Managing Cancer And Living Meaningfully: study protocol for a randomized controlled trial

Trials. 2015 Sep 3;16:391. doi: 10.1186/s13063-015-0811-1.

Abstract

Background: We have developed a novel and brief semi-structured psychotherapeutic intervention for patients with advanced or metastatic cancer, called Managing Cancer And Living Meaningfully. We describe here the methodology of a randomized controlled trial to test the efficacy of this treatment to alleviate distress and promote well-being in this population.

Methods/design: The study is an unblinded randomized controlled trial with 2 conditions (intervention plus usual care versus usual care alone) and assessments at baseline, 3 and 6 months. The site is the Princess Margaret Cancer Centre, part of the University Health Network, in Toronto, Canada. Eligibility criteria include: ≥ 18 years of age; English fluency; no cognitive impairment; and diagnosis of advanced cancer. The 3-6 session intervention is manualized and allows for flexibility to meet individual patients' needs. It is delivered over a 3-6 month period and provides reflective space for patients (and their primary caregivers) to address 4 main domains: symptom management and communication with health care providers; changes in self and relations with close others; sense of meaning and purpose; and the future and mortality. Usual care at the Princess Margaret Cancer Centre includes distress screening and referral as required to in-hospital psychosocial and palliative care services. The primary outcome is frequency of depressive symptoms and the primary endpoint is at 3 months. Secondary outcomes include diagnosis of major or minor depression, generalized anxiety, death anxiety, spiritual well-being, quality of life, demoralization, attachment security, posttraumatic growth, communication with partners, and satisfaction with clinical interactions.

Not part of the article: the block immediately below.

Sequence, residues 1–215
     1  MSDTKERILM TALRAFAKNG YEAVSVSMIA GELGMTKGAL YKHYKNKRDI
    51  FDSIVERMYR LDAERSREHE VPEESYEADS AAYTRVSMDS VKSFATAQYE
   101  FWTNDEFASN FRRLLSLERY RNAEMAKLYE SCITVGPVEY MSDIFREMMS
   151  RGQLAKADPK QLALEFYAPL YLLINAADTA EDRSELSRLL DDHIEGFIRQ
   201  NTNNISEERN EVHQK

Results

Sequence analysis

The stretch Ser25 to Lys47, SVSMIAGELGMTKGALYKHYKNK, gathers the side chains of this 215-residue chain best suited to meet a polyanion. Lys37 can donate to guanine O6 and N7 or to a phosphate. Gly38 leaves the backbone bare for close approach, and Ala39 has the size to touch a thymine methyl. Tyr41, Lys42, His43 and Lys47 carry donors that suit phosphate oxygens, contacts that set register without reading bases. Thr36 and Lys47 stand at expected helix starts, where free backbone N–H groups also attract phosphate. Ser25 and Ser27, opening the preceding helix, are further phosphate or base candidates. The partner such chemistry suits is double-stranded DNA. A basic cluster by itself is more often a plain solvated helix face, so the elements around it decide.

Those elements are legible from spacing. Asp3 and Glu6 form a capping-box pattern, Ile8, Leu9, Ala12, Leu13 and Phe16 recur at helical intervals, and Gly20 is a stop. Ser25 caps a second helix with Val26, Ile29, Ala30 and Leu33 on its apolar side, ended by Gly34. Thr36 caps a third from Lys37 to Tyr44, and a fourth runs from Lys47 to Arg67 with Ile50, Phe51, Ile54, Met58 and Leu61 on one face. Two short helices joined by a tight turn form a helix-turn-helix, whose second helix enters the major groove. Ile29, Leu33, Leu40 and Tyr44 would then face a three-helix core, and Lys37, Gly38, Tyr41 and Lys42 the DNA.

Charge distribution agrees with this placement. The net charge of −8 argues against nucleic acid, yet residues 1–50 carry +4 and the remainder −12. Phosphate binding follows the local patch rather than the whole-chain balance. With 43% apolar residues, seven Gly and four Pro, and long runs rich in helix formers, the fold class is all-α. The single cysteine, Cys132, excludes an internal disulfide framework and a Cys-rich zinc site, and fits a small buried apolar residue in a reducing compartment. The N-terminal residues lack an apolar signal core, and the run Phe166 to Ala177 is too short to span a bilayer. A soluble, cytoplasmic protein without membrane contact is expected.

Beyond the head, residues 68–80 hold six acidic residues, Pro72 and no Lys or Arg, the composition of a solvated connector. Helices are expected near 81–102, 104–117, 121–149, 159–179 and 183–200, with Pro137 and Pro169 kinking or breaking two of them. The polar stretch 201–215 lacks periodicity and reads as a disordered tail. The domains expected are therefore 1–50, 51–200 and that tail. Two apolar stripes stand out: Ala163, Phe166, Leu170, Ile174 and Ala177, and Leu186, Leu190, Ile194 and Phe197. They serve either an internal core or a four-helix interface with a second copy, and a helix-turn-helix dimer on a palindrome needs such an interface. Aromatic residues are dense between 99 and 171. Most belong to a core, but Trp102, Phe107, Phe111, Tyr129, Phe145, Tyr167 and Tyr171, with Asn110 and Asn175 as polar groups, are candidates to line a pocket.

Discussion: Managing Cancer And Living Meaningfully has the potential to relieve distress and promote psychological well-being in patients with advanced cancer and their primary caregivers. This trial is being conducted to determine its benefit and inform its dissemination. The intervention has cross-national relevance and training workshops have been held thus far with clinicians from North and South America, Europe, the Middle East, Asia and Africa.

Trial registration: ClinicalTrials.gov NCT01506492 4 January 2012.

Publication types

  • Randomized Controlled Trial
  • Research Support, Non-U.S. Gov't

MeSH terms

  • Adaptation, Psychological
  • Attitude to Death
  • Clinical Protocols
  • Communication
  • Cost of Illness
  • Emotions
  • Humans
  • Neoplasms / diagnosis
  • Neoplasms / mortality
  • Neoplasms / psychology
  • Neoplasms / therapy*
  • Ontario
  • Professional-Patient Relations
  • Psychotherapy, Brief*
  • Quality of Life*
  • Research Design
  • Stress, Psychological / diagnosis
  • Stress, Psychological / mortality
  • Stress, Psychological / psychology
  • Stress, Psychological / therapy*
  • Surveys and Questionnaires
  • Time Factors
  • Treatment Outcome

Associated data

  • ClinicalTrials.gov/NCT01506492